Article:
Now anyone that follows this blog knows that this is the sort of book I am a fan of those that can not be put in a pigeonhole. I pointed out that she had translated John Clare the peasant  poet and his walk of 1841 which was redone by Iain Sinclair another great writer around London and this is another grea\t view of that city from an outsiders eyes like Sebald she views the places she sees differently and drifts through time and place this is another book that would be great to map out the places mentioned on a google map guide like someone did with Sebald’s rings of Saturn if I ever have a spare week or two I may even try this myself as it made me think of the times I used to walk along the river Dane in Congleton growing up then past Alnwick castle with my first dog as I meet a whole host of people as Alnwick was always full of tourists and finally to the still canal waters of here my home and those cold mornings with my old pal Winston this is what great fictions do when a reader connects and that draws you into the tale.

The end of a Mission by Heinrich Böll

 

Image result for the end of a mission heinrich

The end of a mission by Heinrich Böll

German literature

Original title – Ende einer Dienstfahrt

Translator – Lelia Vennewitz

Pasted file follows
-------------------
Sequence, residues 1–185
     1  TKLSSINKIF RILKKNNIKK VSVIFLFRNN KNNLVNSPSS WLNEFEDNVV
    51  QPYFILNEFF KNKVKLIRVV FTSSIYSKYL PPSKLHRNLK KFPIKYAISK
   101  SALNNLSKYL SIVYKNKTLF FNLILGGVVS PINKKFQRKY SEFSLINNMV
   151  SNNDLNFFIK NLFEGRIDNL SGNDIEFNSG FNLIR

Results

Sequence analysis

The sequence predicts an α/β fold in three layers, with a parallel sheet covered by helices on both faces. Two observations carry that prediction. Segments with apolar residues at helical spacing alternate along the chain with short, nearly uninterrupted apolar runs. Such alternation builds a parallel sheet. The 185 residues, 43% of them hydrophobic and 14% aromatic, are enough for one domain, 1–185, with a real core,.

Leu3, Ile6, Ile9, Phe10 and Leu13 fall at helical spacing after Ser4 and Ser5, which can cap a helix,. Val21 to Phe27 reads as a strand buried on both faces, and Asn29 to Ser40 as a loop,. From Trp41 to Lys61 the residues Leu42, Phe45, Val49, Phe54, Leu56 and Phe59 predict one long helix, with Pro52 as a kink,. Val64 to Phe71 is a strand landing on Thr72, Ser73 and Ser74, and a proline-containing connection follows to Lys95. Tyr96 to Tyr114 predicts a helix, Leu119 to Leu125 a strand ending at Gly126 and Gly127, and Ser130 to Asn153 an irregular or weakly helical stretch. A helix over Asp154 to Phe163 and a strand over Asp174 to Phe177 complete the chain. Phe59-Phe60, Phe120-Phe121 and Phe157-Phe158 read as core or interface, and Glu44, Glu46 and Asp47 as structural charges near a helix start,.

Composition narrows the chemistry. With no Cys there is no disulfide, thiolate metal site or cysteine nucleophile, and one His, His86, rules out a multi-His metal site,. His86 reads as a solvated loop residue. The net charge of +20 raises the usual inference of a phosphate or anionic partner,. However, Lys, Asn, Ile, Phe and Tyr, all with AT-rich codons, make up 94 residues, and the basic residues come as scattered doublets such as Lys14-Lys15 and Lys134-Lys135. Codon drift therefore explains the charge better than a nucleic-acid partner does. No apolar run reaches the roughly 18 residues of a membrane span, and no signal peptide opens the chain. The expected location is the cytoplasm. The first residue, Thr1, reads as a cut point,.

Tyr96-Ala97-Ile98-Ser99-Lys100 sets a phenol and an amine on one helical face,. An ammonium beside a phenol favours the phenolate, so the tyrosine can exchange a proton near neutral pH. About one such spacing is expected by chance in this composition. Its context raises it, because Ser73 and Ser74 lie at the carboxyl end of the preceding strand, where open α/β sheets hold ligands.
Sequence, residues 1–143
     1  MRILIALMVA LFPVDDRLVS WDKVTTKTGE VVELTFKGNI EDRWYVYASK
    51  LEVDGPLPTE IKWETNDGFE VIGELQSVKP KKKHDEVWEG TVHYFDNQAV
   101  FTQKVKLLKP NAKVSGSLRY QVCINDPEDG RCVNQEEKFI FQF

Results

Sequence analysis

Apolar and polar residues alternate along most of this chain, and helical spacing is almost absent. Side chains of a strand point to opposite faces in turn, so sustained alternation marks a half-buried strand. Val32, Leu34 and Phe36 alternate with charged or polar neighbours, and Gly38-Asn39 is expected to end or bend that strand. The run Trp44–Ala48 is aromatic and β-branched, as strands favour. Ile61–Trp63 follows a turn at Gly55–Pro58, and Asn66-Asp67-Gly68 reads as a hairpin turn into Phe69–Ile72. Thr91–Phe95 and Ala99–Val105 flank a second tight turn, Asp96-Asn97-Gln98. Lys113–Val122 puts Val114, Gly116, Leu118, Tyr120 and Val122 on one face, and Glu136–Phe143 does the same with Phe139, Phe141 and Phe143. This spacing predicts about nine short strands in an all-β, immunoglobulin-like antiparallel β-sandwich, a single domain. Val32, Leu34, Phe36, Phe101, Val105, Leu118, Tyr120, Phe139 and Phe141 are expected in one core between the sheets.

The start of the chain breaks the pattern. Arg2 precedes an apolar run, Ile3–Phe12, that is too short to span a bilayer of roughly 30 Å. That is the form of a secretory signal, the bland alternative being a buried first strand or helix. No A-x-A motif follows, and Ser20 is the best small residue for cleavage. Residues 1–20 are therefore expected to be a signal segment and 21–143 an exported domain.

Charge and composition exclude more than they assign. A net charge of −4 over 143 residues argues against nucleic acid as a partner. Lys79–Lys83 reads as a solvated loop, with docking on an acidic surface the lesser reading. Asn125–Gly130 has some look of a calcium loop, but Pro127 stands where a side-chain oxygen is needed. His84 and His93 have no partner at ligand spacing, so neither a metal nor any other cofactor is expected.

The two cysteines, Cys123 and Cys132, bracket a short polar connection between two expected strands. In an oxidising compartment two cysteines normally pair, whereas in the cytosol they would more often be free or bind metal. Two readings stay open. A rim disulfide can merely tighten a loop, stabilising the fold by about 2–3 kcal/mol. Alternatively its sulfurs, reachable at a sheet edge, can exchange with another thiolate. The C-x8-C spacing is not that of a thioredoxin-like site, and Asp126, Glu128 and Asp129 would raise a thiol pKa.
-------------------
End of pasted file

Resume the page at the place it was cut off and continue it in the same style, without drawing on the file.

Source – personal copy

It has become a tradition in a way to review a Heinrich Böll for German lit month. I have reviewed five of his book before.I have a few more on my tbr pile and with Penguin putting his debut novel out. It has been over thirty years since Böll died so it nice see he is getting new attention as for me he alongside Gunter Grass was the voices of post-war West Germany. This book came in 1966a mid-career book by this writer.

The evidence of the elderly Inspector Kirffel was short and to the point. He said that the scene of the crime was known to all local inhabitants for miles around as “Kupper’s tree” ; although there was no tree anywhere in the vicinity and never had been – not even in his childhood had he ever seen a tree there – he  chose to use the name because it appeared on the regional maps. Herr hermes, the teacher from Kireskirchen who was such an expert on local lore, had explained the name this way; some generations ago a tree had probably soodthere , and someone called Krupper had either hanged himself or been hanged from it .

The place the jeep was found was a place named after a tree that may have been there at some point !!